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Pretoria designer wins the Trenery Print competition

Pretoria based designer Glorinah Khutso Mabaso has been named the winner of the Trenery 2020 Print Competition. Glorinah’s ’s winning print, named “Rain Maker”, was inspired by the first Rain Queen, Maselekwane Modjadji, of the Balobedu people from Limpopo. Her design utilizes a combination of repetitive lines and circles to reflect raindrops running down a glass window.

The interior designer, Glorinah chats to GLAMOUR about the competition, design trends and her future in fashion.

GLAMOUR: Hi Glorinah, congratulations on winning the Trenery Print Competition, what does this win mean to you?

Glorinah: Hi Glamour! Thank you so much! It's extremely humbling to receive such huge validation from an international brand. I'm so excited to venture into new territory which means growth. I never imagined myself stepping into fashion but this opportunity has changed my perspective because of the avenues I discovered during this process.

GLAMOUR: And tell us about your experience in the competition?

Glorinah: Collaborating with the Trenery design team was enlightening, extremely insightful and exciting too. I had a one-on-one with Bree Dhaliwal – Head of textile at Trenery in Australia regarding the various processes both digital & screen printing. Then we also tackled textiles used for Trenery garments, how some of their natural materials such as the cotton (which they grow), Irish linen, wool, viscose are made. For my patterns Trenery has gone for a sustainable Eco Vera viscose & standard viscose blend – viscose being a material that comes from a tree specifically wood pulp…how interesting is that? Stylish & eco-friendly - so the collection is blue but actually green too.

GLAMOUR: When did you know that you want to work in the design space and tell us a little bit about your early influences?

Glorinah: Two words. Top Billing! I grew up literally watching almost every episode as I was always drawn to beautiful spaces and the skill of transforming a space just intrigued me. Msquare interiors & architecture by Nico Van der Meulen, SAOTA interior design and Tonic design influenced my design taste and that is the standard I've always wanted to measure my ability against. So, when I had to change schools back in high school, the new Principal said that the only way I could get accepted was if I took design as a subject…and so I jumped at the chance. Then after matric, I went on to obtain a Diploma in Interior Decorating and a BA Degree in Interior Design. Pattern design became a skill which I discovered only in 2017.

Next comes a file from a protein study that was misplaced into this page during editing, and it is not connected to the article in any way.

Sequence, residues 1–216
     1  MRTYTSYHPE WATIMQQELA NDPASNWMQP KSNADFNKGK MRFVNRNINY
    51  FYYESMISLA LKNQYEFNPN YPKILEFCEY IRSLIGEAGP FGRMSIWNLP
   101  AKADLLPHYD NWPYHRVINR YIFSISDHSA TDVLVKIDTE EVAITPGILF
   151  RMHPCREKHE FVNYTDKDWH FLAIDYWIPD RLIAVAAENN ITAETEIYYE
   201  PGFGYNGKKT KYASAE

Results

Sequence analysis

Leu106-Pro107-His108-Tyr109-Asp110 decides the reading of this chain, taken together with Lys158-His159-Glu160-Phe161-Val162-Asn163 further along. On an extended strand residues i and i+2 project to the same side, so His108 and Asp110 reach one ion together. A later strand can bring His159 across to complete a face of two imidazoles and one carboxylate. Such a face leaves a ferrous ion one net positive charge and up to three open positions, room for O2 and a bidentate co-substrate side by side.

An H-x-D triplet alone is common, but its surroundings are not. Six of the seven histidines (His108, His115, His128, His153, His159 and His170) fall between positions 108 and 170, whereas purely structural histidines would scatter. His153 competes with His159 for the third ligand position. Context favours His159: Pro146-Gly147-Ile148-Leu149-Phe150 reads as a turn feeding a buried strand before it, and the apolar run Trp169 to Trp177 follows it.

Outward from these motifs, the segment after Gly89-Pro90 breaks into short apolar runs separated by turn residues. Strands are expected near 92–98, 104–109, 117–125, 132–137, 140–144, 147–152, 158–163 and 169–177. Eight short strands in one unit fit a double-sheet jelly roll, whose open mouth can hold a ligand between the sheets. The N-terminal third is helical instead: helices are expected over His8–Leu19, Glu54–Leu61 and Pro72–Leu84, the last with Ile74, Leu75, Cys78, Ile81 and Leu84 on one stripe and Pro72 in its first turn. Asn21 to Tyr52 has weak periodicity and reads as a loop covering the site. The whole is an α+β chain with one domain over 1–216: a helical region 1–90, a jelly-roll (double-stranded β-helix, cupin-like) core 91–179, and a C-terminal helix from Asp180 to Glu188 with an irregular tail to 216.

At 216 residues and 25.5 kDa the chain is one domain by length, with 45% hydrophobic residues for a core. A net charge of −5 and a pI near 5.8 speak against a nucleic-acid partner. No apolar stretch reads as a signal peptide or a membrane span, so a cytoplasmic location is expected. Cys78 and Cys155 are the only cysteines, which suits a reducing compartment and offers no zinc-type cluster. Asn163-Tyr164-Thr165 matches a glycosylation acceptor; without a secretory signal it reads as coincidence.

Glorinah Khutso Mabaso, Image: Supplied

GLAMOUR: Describe yourself in four words?

Glorinah: Strong, driven, God-fearing, adventurous.

GLAMOUR: You are an interior design and decorating graduate of the Design School of Southern Africa, and you are familiar with working alongside architects, how do you navigate interior design, pattern design and now fashion?

Glorinah: Whilst studying Interior Design, the course actually touches on a number of avenues which one could specialise in. So even though we would receive briefs to design spaces from corporate and hospitality to residential, we were also pushed to design furniture, patterns, lighting and other products. This allowed us to identify our strengths and to encourage versatility. So even though fashion is for the physical body and not space, I'm still having to dress both and apply the same principles, especially during the design process.

GLAMOUR: Your winning “Rain Maker” print is inspired by a unique female-led dynasty in Limpopo province in a place called Ga-Modjadji, tell us about this story and how it came to influence your print?